Our next meeting is this Sunday but I thought, perhaps, I'd share my recommendations from last month here, in case any of you were looking for something to read. However, beware, because not all of my friends are into YA and children's literature (Some have actually grown up and moved on to adult books!) these books will run age-level gamut, as well as the genre gamut. Check your library, if you're unsure about whether or not you should read any of these recommendations.

And without further adieu, here's my recommendations for last month:

The Lost Girls: Three Friends, Four Continents, One Unconventional Detour Around the World by Jennifer Baggett, Holly C. Corbett, and Amanda Pressner

This book opens up with Jennifer, Holly and Amanda, three close friends in their late-20’s, who are on vacation in at Iguassu Falls in Brazil, discussing all the dreaded work that they have to face once they return to NYC. Jokingly, they discuss what it would be like to take off of work for a whole year and just travel around the world.

Then…they do it!

Not long after their vacation in Brazil, the three of them meet up to discuss turning their year-long dream trip into a reality. They save up for a year, sketching out an itinerary of all the places they want to visit, including how much time and money they’ll spend at each location and how much this trip will cost them regarding their careers and personal relationships as well. Not really knowing what’s in store they find themselves heading to their first stop- Peru.

In chapters that rotate between the three of their perspectives, Jennifer, Amanada, and Holly cover foreign bugs, bathrooms, people, language barriers, miscommunications, exercise, food, scenery, boys/dating, self-discovery, and pretty much EVERYTHING I like to read about. From the people they meet, to the new things they try, to the arguments and laughs that they have with each other, I think it’s the self-reflection that really makes this book so relatable for women in their 20’s and 30’s (like us!). This is the kind of book that sticks with you for a long time after you put it down. A warning, however– this book will cause extreme travelust.

When You Reach Me by Rebecca Stead

It's the late 1970's, and Miranda (who’s 12-years-old and living in New York [I’m sorry, I’m a children’s librarian but I swear this book is AMAZING]) loves A Wrinkle in Time. Except for the fact that her mom is preparing to be a guest on $20,000 Pyramid, life’s pretty normal for Miranda. But then there are a few weirdish events. For instance, first, her best friend Sal, for what seems like no reason at all, is punched in the face and then decides he doesn’t want to be her friend anymore. Then, she starts getting a series of mysterious notes. As they arrive, Miranda realizes that the sender seems to know things before they happen. They are found in weird places and they are all strange, cryptic, and seeming to allude to future. For example, one note says "I am coming to save your friend's live, and my own."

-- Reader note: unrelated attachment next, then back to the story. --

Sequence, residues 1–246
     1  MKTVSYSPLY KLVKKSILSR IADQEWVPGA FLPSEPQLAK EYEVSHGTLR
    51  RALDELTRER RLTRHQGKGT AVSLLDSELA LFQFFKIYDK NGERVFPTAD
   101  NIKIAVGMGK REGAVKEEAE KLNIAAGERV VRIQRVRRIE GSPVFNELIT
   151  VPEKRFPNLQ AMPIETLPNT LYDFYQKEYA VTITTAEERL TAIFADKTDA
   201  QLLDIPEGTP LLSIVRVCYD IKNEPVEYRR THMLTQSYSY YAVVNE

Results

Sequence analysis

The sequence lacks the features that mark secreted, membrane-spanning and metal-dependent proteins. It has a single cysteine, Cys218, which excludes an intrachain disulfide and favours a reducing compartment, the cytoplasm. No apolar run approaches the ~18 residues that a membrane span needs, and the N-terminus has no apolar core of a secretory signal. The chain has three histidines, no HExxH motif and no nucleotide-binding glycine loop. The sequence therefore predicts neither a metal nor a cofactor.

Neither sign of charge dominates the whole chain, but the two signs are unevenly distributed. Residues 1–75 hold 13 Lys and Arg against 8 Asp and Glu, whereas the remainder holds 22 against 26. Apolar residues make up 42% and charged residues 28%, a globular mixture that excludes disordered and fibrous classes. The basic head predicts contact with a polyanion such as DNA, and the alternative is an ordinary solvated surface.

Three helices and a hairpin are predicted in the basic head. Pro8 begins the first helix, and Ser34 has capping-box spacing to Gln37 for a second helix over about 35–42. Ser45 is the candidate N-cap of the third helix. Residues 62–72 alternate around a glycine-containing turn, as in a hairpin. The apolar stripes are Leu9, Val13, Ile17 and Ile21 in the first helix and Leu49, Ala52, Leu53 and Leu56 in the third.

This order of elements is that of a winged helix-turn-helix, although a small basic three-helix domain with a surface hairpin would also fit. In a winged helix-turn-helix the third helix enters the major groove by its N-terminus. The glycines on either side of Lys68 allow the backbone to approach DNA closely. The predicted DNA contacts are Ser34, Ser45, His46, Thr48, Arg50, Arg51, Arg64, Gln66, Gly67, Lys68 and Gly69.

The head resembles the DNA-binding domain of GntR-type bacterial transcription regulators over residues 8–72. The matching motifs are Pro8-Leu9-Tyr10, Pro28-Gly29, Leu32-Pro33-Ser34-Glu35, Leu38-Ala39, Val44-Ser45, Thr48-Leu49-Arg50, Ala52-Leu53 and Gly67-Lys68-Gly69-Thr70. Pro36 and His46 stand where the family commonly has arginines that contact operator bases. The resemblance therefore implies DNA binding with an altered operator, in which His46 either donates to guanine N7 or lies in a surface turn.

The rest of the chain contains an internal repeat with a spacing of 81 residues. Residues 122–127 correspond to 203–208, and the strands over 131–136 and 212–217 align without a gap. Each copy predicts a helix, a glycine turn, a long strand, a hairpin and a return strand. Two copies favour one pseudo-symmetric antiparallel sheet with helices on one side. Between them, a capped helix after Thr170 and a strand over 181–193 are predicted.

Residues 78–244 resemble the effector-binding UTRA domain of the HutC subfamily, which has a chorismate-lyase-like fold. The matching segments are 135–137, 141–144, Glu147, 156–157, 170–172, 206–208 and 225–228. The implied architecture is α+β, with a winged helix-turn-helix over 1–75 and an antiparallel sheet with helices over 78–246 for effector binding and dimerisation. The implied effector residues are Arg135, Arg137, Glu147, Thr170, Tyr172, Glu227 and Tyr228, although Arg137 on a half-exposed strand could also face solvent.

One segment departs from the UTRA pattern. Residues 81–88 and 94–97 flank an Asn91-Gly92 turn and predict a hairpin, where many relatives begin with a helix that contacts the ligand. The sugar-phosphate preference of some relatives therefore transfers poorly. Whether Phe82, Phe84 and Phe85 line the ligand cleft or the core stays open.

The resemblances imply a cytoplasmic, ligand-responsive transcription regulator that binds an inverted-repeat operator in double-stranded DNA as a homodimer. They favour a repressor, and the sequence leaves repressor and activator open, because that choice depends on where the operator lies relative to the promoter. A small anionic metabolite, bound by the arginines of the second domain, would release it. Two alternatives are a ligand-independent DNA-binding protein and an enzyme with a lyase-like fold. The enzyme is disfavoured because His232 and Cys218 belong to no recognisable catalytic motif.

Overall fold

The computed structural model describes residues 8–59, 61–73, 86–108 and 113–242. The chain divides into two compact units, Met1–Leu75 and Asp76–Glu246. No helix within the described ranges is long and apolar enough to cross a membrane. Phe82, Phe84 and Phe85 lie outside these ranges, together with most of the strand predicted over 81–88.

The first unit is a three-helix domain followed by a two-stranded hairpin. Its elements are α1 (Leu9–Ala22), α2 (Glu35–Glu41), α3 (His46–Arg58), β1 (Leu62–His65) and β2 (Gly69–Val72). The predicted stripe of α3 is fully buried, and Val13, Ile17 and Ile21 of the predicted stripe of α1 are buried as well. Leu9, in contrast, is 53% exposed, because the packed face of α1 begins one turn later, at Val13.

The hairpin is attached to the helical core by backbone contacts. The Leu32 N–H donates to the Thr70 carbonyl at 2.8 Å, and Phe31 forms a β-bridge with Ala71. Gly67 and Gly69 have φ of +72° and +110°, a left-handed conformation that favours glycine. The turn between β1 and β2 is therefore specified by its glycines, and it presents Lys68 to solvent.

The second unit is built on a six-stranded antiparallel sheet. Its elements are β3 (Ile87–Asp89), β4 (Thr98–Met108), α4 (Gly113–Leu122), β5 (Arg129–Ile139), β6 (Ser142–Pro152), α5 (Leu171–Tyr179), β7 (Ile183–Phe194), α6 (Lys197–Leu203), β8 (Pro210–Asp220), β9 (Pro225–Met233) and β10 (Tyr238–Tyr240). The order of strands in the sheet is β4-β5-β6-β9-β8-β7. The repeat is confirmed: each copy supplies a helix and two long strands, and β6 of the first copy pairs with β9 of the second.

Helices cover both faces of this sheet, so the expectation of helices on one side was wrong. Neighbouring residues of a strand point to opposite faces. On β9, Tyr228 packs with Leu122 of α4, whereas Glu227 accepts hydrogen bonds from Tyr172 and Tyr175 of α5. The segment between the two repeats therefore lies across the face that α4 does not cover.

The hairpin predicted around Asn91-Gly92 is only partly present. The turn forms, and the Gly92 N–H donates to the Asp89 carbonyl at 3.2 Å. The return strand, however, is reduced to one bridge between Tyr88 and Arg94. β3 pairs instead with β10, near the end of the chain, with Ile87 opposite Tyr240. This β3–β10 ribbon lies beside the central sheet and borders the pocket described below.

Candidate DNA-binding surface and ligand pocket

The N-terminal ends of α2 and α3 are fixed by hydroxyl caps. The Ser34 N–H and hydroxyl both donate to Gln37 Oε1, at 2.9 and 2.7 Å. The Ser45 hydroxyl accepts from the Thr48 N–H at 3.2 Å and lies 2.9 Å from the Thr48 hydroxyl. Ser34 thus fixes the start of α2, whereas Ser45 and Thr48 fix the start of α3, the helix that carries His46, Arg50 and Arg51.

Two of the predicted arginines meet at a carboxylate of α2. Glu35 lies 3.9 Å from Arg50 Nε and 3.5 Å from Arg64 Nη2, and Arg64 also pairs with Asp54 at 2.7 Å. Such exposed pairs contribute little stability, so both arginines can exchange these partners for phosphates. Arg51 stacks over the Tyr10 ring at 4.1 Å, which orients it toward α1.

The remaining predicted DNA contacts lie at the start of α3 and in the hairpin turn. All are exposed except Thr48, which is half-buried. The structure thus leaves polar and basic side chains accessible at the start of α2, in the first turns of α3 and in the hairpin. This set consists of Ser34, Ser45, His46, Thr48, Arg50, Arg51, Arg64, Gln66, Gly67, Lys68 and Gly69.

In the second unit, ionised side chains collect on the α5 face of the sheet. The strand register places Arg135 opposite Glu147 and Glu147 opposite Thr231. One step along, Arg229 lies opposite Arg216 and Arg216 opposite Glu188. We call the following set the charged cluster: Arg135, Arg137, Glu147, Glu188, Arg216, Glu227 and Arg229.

The book is a quick read but also a page turner. It reads like realistic/historical fiction, but then teases you with a bit mystery too! It’s like a puzzle, the kind of book where every single word is a clue until you get to the end.

Additionally, here are a few of the books recommended by my friends at Book Club last month:

A Visit From the Goon Squad by Jennifer Egan
The Keep by Jennifer Egan
The Disreputable History of Frankie Landau-Banks by E. Lockhart
Milkrun by Sarah Mlynowski
A Gate at the Stairs by Lorrie Moore
Birds of a Lesser Paradise by Megan Mayhew Bergman
Eating Animals by Jonathan Safran Foer

If you're interested in reading or recommending any books from/for my book club (and you're an adult!), leave me a comment. We can book-chat online!

Saturday, July 7, 2012


Awww! Pinkalicious fans unite! Victoria Kann, the book's author, has created a coloring book called "Purpledoodles." Through the Harper Collins' website, 32 of the 128 pages are available to preview. Take a look for yourself!

The book is available now so get ready, get set, use your pinkermagination!

Additionally, you can follow Pinkalicious on Twitter and keep up to date with all of her newest releases!

Friday, July 6, 2012

25 Most Beautiful Public Libraries in the World

That's the Amsterdam Public Library pictured above.

I know I do these kinds of posts pretty frequently, but if you're any kind of library-lover at all, I hope you appreciate these beauties as much as I do. Flavorwire is the latest to post beautiful, international libraries. However, this batch is especially good (and nearer and dearer to my heart) because they're all public libraries! Have you been to any of the ones that they've listed? I've been to three of them.

Read their article here: The 25 Most Beautiful Public Libraries in the World

Monday, July 2, 2012

Francis Lawrence, Director of Catching Fire

Catching Fire, the Hunger Games sequel is due to come out on November 22, 2013. But there are going to be a few changes this time around. Most notably, The Hunger Games' director, Gary Ross, isn't returning to make the newer movie. Instead, the movie will be directed by Francis Lawrence (no relation), who also directed Water For Elephants and I Am Legend.

According to The Huffington Post, the new director is "looking to keep Catching Fire authentic."

To the Los Angeles Times, Jennifer Lawrence said, "The new movie will be very real, which is what I’m excited about," and then, "I really like his take, which is a lot of what I liked in Gary Ross. It’s the realistic grasp of the story instead of all the details of the imaginary things."

Catching Fire will start filming this fall!
Copyright 2009 Laura Druda